Logtalk is a declarative object-oriented logic programming language that can use most Prolog implementations as a backend compiler. It provides code encapsulation and code reuses features for programming in the large. It doesn't provide, or attempt to bring to Prolog, any notion of mutable state that is not already available in plain Prolog or with Prolog modules. Logtalk main features include:

Protocols (interfaces)

Separation between interface and implementation is supported. Predicate directives (declarations) can be contained inside protocols (interfaces), which can be implemented by any number of objects (and categories). Protocols are first-class entities, alongside objects and categories.

Parametric objects (and categories)

Object (and category) identifiers can be compound terms containing free variables that can be used to parametrize object (or category) predicates. Notably, this allows the interpretation of predicate clauses as providing instantiations of a parametric object identifier. I.e. using a parametric object we can associate any number of predicates with a compound term. Parameters are logical variables shared with all object (and category) directives and clauses.

Prototypes and classes

Both class-based and prototype-based systems are supported. You may have, in the same application, class-based hierarchies (with instantiation and specialization relations) and prototype-based hierarchies (with extension relations). Moreover, fundamental language features such as protocols (interfaces) and categories (components) can be used simultaneously by classes, instances, and prototypes.

Multiple object hierarchies

No need to be constrained to a single, lengthy hierarchy rooted in some generic object.

Private, protected, and public inheritance

Logtalk supports private, protected, and public inheritance in a way similar to C++. Moreover, any entity relation can be qualified using a scope keyword. E.g. an object can privately implement a protocol, thus making all protocol declared predicates private.

Private, protected, and public predicates

Set the scope of your object predicates to match your protocol design and let the runtime system enforce your choices.

Static and dynamic objects

Objects can be either static or dynamic. Static objects are defined in source files which are compiled and loaded in the same way as Prolog files. Dynamic object can be either defined in source files or created at runtime.

Static and dynamic predicates

Any static object may contain both static and dynamic predicates.

Based on standard Prolog syntax

Logtalk uses standard Prolog syntax with the addition of a few operators and directives for a smooth learning curve. Prolog code can be easily encapsulated inside objects with little or no changes. Moreover, Logtalk can transparently interpret most Prolog modules as Logtalk objects for easy reusing of existing code (e.g. libraries).

Lambda expressions

Native support for lambda expressions, including currying.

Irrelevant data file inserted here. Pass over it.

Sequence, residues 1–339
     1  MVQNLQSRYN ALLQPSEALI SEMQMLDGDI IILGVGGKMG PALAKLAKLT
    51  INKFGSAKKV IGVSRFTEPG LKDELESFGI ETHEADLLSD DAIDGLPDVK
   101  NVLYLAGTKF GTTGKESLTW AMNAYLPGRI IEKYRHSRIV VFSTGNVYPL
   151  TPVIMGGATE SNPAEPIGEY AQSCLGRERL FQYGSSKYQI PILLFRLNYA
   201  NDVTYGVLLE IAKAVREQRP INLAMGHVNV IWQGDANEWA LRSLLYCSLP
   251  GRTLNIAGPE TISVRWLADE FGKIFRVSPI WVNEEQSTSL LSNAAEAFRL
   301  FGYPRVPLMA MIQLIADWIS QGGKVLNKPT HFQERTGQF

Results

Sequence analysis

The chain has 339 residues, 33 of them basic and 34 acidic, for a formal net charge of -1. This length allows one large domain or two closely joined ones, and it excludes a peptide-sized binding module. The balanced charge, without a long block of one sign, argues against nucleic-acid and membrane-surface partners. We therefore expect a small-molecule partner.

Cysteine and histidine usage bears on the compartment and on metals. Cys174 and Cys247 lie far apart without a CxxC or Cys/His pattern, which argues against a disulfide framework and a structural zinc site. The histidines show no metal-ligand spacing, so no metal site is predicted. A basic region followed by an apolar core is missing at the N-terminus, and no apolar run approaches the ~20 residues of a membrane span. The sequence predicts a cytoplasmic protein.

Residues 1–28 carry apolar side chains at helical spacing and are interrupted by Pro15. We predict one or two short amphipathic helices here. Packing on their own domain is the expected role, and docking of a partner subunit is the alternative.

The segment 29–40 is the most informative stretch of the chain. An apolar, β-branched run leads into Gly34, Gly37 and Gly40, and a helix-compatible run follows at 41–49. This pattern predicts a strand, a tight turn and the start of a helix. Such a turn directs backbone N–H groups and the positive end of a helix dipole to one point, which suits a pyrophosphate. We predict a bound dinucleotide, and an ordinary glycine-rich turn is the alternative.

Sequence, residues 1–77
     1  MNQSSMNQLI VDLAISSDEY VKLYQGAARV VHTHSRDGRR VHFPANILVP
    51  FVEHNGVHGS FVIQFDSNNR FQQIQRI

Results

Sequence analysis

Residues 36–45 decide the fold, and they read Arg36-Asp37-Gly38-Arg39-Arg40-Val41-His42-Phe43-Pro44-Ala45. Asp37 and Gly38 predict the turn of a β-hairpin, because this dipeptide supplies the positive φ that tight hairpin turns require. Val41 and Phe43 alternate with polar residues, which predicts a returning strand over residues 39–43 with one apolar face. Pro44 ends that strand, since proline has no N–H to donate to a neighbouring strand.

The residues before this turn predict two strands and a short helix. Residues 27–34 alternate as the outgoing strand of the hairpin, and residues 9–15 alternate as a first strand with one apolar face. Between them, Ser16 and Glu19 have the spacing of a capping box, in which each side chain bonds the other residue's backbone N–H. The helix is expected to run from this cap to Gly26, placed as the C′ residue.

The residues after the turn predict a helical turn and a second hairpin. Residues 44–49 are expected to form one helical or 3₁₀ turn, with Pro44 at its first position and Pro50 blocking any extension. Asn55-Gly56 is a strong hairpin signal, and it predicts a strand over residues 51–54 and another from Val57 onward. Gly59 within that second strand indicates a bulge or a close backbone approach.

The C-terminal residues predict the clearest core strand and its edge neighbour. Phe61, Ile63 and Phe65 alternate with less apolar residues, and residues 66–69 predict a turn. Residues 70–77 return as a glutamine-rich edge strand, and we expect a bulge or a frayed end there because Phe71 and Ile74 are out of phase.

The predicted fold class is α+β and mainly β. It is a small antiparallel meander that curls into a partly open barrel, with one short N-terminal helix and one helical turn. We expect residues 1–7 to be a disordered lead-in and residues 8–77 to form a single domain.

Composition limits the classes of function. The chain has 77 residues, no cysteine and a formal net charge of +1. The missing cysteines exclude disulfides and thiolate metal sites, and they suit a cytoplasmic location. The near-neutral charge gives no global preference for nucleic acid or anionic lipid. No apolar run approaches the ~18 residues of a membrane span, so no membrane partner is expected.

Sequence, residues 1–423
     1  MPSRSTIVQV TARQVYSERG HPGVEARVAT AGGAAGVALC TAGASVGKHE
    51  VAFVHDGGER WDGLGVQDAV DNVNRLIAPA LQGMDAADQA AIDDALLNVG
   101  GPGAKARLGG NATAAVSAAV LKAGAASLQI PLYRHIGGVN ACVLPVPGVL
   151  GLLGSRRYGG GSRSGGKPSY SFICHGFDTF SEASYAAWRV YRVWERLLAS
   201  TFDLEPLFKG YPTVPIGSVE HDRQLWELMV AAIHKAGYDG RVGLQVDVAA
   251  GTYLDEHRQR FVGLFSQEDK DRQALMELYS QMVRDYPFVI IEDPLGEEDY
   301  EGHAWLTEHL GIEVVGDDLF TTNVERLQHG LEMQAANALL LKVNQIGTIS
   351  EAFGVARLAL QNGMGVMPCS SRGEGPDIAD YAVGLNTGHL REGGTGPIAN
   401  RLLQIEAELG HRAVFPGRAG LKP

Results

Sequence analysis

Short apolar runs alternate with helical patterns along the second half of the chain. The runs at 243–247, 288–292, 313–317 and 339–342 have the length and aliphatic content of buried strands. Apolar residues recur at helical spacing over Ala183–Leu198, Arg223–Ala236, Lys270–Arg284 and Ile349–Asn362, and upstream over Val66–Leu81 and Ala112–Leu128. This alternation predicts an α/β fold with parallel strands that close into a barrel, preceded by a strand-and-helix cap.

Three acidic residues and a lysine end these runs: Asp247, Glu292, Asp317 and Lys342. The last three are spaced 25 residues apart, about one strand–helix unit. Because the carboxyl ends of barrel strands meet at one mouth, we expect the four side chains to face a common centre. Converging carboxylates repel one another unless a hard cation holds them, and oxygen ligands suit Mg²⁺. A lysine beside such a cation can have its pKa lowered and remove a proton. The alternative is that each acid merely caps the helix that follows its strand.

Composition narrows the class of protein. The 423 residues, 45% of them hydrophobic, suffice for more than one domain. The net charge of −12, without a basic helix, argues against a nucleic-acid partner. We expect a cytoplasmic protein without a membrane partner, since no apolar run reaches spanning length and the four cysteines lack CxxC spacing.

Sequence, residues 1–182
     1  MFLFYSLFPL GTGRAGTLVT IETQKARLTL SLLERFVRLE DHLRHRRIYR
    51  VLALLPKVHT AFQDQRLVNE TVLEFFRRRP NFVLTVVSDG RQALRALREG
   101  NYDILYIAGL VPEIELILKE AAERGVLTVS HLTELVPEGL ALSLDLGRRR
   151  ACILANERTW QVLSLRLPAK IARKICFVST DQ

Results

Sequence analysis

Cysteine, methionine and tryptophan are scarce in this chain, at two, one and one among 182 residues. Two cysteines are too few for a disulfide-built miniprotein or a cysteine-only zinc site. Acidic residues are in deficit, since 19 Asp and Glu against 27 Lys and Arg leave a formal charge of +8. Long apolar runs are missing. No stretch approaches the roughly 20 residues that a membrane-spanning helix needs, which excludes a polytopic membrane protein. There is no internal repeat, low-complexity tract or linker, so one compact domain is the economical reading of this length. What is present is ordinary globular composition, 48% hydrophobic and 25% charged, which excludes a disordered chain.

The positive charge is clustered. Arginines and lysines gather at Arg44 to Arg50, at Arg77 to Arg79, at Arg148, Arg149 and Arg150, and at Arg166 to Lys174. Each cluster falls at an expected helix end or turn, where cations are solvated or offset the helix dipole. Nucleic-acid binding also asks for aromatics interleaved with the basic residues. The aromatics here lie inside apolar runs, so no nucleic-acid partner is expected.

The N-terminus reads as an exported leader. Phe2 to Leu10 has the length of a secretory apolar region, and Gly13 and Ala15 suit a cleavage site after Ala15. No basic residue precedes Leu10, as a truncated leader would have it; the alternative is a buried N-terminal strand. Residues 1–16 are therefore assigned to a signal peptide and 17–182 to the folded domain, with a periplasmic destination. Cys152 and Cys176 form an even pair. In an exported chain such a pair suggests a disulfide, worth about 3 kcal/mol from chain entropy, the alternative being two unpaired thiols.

Event-driven programming

Predicates can be implicitly called when a spied event occurs, allowing programming solutions which minimize object coupling. In addition, events provide support for behavioral reflection and can be used to implement the concepts of pointcut and advice found on Aspect-Oriented Programming.

Component-based programming

Predicates can be encapsulated inside categories, which can be virtually imported by any object, without any code duplication and irrespective of object hierarchies. Thus, objects may be defined through composition of categories, which act as fine-grained units of code reuse. A category may also extend an existing category. Categories can be used to implement aspects and mixin-like behavior without resorting to inheritance. Categories also support hot-patching of running code.

Multi-threading programming

High level multi-threading programming is available when running Logtalk with selected backend Prolog compilers, allowing objects to support both synchronous and asynchronous messages. Threaded engines, independent and-parallelism, and competitive or-parallelism are also supported. Easily take advantage of modern multi-processor and multi-core computers without bothering with the details of creating and destroying threads, implement thread communication, or synchronizing threads.

Multi-inheritance and multiple-instantiation support

Logtalk supports multi-inheritance of both protocol and implementation. An object may implement several protocols and extend, specialize, or instantiate several objects. Multi-inheritance conflicts can be solved implicitly by the Logtalk lookup algorithms or explicitly by using predicate directives.

Good performance

Logtalk code is compiled using the same technics that you use to write efficient Prolog code. In addition, Logtalk supports both static binding and dynamic binding (with method lookup caching), greatly improving performance. Benchmark results for some Prolog compilers are available here.

Close integration with Prolog standards

Logtalk is designed for smooth integration with any Prolog compiler that conforms or closely follows official and de facto Prolog standards.

Compatible with most Prolog compilers

Logtalk interfaces with a specific backend Prolog compiler via a minimal configuration file making it compatible with almost any modern compiler.

Comprehensive set of developer tools

The Logtalk distribution includes make, linting, debugging, documenting, diagraming, testing, assertion, profiling, porting, metrics, versioning, and packaging developer tools. Several of these tools can also be applied to plain Prolog and Prolog module code bases.